Our coalition envisions a People’s Garden for Vallejo. The Garden will provide fresh produce to low-income residents and teach sustainable gardening practices. Coalition members each bring something vital to the project: volunteers to build and maintain the garden, low-income clients to benefit from vegetables and fresh eggs, and students to learn about nutrition and food production through action.
The lead partners in the Vallejo People’s Garden are:
Global Center for Success (www.globalcenterforsuccess.org) is a 501(c)(3) on Mare Island that provides supportive human services and programs to the homeless and needy. GCS is excited to start a garden right in its backyard to serve as an outdoor classroom, a community hub, and a source of free organic produce for its clients.
The Regional Office of the USDA Forest Service, located on Mare Island, employs over 200 people. The Forest Service will contribute volunteers and (eventually) land for a second garden. The convenient location of the Vallejo People’s Garden will provide an opportunity for employees to meet and work alongside our neighbors and have a healthy place to volunteer during lunch breaks and after work.
Betty Frank Senior Lunch Program is a 501(c)(3) feeding program that serves lunch daily in a community center, about 10 minutes from Mare Island in Vallejo. The coalition plans to provide fresh produce to this senior center’s kitchen and to arrange visits for seniors to tour and even volunteer in the garden. The drawn plans for the garden include handicapped-accessible raised beds that will be easy for seniors to reach. Additionally, teachers at Mare Island Elementary School across the street from the future garden site are excited about bringing students over for lessons in food production and nutrition.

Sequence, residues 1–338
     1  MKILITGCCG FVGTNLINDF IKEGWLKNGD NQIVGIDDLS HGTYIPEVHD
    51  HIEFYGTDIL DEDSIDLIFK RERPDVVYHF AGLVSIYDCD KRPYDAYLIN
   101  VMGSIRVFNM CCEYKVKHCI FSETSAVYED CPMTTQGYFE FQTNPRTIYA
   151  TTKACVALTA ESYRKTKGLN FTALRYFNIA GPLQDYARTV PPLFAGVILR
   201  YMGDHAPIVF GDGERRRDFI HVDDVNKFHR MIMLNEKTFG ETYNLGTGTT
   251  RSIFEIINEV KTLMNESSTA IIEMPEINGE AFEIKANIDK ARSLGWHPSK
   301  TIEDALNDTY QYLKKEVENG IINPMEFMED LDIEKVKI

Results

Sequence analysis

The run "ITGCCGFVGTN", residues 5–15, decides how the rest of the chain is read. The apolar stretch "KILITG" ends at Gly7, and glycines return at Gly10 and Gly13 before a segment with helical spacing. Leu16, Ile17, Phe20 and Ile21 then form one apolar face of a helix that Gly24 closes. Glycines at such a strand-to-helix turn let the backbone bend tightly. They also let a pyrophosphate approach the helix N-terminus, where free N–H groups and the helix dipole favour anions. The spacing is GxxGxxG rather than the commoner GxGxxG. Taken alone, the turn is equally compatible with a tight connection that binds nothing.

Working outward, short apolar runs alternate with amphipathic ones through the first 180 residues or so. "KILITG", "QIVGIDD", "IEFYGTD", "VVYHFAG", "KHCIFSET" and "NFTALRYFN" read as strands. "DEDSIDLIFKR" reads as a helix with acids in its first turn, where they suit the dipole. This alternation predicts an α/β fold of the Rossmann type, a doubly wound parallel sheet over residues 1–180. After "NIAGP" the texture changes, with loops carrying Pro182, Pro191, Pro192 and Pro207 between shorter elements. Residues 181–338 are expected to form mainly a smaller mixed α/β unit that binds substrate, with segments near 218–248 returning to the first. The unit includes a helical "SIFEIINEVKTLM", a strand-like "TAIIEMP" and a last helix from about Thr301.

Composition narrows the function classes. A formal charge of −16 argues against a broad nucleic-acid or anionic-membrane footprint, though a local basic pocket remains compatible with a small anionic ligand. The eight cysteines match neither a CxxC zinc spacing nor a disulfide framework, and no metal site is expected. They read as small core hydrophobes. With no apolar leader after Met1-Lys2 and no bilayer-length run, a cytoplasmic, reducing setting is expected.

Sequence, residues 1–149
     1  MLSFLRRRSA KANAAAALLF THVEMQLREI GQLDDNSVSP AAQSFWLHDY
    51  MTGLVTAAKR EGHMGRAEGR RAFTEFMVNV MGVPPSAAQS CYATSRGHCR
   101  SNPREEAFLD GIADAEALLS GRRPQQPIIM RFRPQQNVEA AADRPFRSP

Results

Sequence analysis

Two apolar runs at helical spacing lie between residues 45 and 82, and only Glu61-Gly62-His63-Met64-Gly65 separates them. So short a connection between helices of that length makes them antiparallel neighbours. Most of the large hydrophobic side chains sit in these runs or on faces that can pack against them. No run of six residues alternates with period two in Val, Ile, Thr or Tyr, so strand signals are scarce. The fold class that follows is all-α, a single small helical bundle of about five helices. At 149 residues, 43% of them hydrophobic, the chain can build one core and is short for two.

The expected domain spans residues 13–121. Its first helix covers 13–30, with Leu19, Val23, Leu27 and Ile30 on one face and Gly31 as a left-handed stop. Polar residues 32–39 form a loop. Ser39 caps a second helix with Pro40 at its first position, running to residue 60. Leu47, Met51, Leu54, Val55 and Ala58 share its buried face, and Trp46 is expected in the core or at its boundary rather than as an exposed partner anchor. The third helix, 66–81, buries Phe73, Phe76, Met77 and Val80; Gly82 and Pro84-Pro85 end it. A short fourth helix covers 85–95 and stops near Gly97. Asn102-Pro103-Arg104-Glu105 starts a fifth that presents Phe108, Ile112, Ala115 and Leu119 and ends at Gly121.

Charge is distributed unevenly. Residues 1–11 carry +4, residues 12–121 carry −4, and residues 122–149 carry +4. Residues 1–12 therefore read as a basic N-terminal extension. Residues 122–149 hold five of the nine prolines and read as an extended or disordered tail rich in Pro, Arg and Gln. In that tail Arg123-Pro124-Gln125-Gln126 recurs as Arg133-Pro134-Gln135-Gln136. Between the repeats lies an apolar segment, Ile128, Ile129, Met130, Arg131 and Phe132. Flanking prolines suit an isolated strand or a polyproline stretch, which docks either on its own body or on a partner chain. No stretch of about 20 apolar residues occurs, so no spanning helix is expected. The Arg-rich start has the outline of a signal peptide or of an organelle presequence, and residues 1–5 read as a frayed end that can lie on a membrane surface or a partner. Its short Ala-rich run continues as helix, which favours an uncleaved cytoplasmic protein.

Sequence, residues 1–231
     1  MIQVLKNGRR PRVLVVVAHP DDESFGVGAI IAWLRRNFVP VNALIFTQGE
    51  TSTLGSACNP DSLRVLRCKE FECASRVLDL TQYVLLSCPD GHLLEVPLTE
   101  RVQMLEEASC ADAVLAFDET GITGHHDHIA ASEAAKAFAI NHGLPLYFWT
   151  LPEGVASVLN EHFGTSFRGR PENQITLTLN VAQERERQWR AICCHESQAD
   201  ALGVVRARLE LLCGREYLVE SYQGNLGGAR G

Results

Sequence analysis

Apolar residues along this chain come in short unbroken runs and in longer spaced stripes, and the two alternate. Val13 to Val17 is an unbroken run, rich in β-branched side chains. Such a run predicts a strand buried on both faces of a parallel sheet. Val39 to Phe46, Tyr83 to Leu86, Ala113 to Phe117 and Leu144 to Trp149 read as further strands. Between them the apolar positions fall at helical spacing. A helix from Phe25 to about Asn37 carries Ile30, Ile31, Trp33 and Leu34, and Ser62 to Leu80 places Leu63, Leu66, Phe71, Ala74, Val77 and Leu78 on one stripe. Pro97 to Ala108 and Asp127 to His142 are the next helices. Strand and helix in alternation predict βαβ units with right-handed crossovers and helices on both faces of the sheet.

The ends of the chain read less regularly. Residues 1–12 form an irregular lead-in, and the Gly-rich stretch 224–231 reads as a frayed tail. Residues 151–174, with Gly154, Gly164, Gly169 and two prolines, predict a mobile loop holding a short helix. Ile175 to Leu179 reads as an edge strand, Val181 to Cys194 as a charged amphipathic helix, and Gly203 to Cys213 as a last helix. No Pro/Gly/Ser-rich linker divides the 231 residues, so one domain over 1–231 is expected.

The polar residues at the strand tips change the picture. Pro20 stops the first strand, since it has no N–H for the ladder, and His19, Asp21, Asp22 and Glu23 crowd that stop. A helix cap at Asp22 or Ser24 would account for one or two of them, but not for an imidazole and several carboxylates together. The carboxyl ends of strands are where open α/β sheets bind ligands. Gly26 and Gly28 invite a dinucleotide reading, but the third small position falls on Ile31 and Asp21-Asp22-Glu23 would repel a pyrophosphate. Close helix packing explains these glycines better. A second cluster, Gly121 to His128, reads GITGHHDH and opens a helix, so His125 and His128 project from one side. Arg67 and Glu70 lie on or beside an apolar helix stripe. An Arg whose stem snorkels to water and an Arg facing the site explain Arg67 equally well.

Landscape Plan for garden site at the Global Center for Success site in Vallejo, CA, one mile from the USDA Forest Service Regional Office
To jump start these “shovel ready” projects, the Forest Service Region 5 Regional Office is competing for a grant from Nature’s Path Organics. A Nature’s Path grant would provide funds to purchase the materials, tools, and lumber to build raised beds, compost bins, a chicken house, bee hive, fencing, educational signs, rain barrels, and storage shed.
To VOTE for the “Vallejo People’s Garden”:
1. 1. Go to http://www.justmeans.com/contestidea?ideaid=NDUz and click on “VOTE”
2. 2. Create an account by giving your name, personal email address (Forest Service email address won’t work), and making up a password
3. 3. Check your email and click on the link to activate your account. You are now done voting for us!
Bonus points: You can add a message of support in the comment box.
Your votes and comments are the only way for us to demonstrate support for this project and convince Nature’s Path Organic to fund this project. The deadline for votes is May 31.